Polgar went on to win nine other Olympic medals, along with a slew of other honors, including being named Women's World Champion four times, that have allowed her to remain ranked among the top three female players for the last two decades. Her most recent victory took place in October 2004, when she and the U.S. team brought home America's first-ever medal for the women's competition-the silver-in the 36th World Chess Olympiad that was played in Calvia, Spain. In that competition, she further distinguished herself by bringing home two gold medals-one for best overall performance and one for the most points scored in the entire Women's Olympiad -and a silver for racking up the second-best percentage.
Since the birth of her sons-Tom is 5 and Leeam is 4-Polgar has devoted herself to promoting, not playing chess. Indeed, the 2004 Olympiad was her first international tournament in eight years.
"Now I concentrate on revolutionizing the game and bringing it to the next level of popularity," she says.
(Sofia, who lives in Israel, stopped playing when she was ranked No. 6 in the world but still ranks in the top 20; Judit, who replaced Susan as No. 1, has been inactive recently because she had a baby.)
It was her father who taught Susan chess and it was she who got Judit and Sofia into the game. "He was a chess fan and wanted to have an opponent," she says. "But he was never a professional player, and he never even owned a book on chess until we started playing together."
Polgar, who was homeschooled, was introduced to the game at 4 and her first win, a perfect 10-0 score in the girls-under-11 championship in Budapest, turned her into a media sensation. By age 10, she was beating her father at his own game. By age 15, she was the No. 1 female player in the world.
When she was ready to enter college, Polgar could say "Checkmate!" in seven languages-Hungarian, English, German, Russian, Spanish, Hebrew and Esperanto-and decided to major in physical education and sports teaching, taking a special degree in chess at the Academy of Physical Sports and Education in Minsk, Belarussia.
Her victories and "firsts" have been steady throughout her career. The only world champion, male or female, to win the triple crown-rapid, blitz and traditional world championships-she also is the first woman to win the U.S. Open Blitz Championship; the first woman to win the Grandmaster of the Year Award; the first woman to break the gender barrier to earn the Men's Grandmaster title, and the first woman to qualify for the Men's World Championship.
The award-winning, best-selling author and columnist also is a three-time winner of the Chess Oscar.
What is Polgar's winning combination? There is a lot more to it than merely making the right moves at the right time, she says. Before the game even begins, Polgar does extensive study and research on her opponent's previous games and on overall strategies. "I have to set my mind so that I get the proper sleep. I have to be organized and really focused for the hours that it takes to play the game," she says. "I also work on improving my endurance by going to the gym. It can take seven to eight hours for one game in top competitions, and it's very tense."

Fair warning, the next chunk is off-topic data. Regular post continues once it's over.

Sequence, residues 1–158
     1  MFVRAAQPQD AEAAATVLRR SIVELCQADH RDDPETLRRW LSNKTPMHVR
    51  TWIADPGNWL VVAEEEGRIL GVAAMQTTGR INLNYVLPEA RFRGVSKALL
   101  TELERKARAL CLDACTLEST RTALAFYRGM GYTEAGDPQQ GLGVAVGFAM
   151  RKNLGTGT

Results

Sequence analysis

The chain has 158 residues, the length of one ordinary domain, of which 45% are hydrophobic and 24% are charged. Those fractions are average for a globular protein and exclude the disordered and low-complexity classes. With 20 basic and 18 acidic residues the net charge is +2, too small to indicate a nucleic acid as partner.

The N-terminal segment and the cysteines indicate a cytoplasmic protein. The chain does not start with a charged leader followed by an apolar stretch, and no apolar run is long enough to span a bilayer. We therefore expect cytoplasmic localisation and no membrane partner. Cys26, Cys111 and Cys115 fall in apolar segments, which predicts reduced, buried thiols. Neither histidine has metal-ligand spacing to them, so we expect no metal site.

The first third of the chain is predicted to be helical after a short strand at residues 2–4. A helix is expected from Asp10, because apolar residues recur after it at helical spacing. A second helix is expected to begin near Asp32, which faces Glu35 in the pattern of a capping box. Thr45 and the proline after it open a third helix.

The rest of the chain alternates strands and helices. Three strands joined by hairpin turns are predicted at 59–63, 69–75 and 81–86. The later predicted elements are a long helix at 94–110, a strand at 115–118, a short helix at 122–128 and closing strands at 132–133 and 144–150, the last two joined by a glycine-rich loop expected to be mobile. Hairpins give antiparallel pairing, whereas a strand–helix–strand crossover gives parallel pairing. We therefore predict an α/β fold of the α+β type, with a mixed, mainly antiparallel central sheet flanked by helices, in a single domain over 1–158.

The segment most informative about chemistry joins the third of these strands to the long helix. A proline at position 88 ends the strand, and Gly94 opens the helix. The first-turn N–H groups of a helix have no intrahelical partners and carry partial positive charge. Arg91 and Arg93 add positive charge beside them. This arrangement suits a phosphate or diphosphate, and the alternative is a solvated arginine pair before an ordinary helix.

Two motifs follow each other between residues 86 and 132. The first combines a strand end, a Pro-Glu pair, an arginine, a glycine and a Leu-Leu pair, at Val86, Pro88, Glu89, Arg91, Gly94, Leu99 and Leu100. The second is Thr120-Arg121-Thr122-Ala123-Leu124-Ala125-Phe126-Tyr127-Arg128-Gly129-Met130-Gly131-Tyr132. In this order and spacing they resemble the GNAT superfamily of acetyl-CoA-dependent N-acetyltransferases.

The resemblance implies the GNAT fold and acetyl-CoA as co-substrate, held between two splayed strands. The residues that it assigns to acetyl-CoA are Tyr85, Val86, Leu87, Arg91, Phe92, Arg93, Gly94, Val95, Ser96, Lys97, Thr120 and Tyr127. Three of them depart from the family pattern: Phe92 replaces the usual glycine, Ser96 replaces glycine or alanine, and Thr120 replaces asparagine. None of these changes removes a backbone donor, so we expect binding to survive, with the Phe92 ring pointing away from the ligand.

Although chess is popular in Europe, in America it is considered intellectual, difficult and worst of all, boring. "It's not any of those things," Polgar insists. "In Europe, you can make a living playing chess. In the United States, you can't. I hope to improve the image of chess and the life of professional players. I could teach you in an hour all the basics. You have to understand the rules and the logic. After that, it's all a matter of practice."
To prove her point, she has written a number of books, including Teach Yourself Chess in 24 Hours and The World Champion's Guide to Chess, which will be published in March 2005.
Some 45 million people in the United States spend time moving black and white kings and queens from square to square on chessboards and some 200,000 children in New York, New Jersey and Connecticut have learned to cheerfully declare "Checkmate," but only a few schools teach it. "In Europe, there are over 30 countries that use it in the school curriculum," Polgar says. "I'm trying to get U.S. schools to use chess as a tool nationwide. Unlike a lot of other sports like baseball and football, it's very affordable. You can buy a chess set for $10, and two people can play, and it can be used over and over for years."
What's more, playing chess helps children develop critical thinking that is useful not only in the game but also in academics, social situations and life in general, she adds. "Test scores improved by 17.3% for students regularly engaged in chess classes, compared with only 4.6% for children participating in other forms of enriched activities," Polgar notes. "Chess has been shown to develop decision-making, critical thinking, logical thinking, evaluating, planning, problem solving and perseverance skills. It improves concentration, memory, intuition and self-control and promotes independence, imagination and creativity. And it inspires self-motivation, self-esteem and self-confidence. And this is why I am working very hard to raise money for my foundation. I want to be able to help all children in America do better in school and life through chess."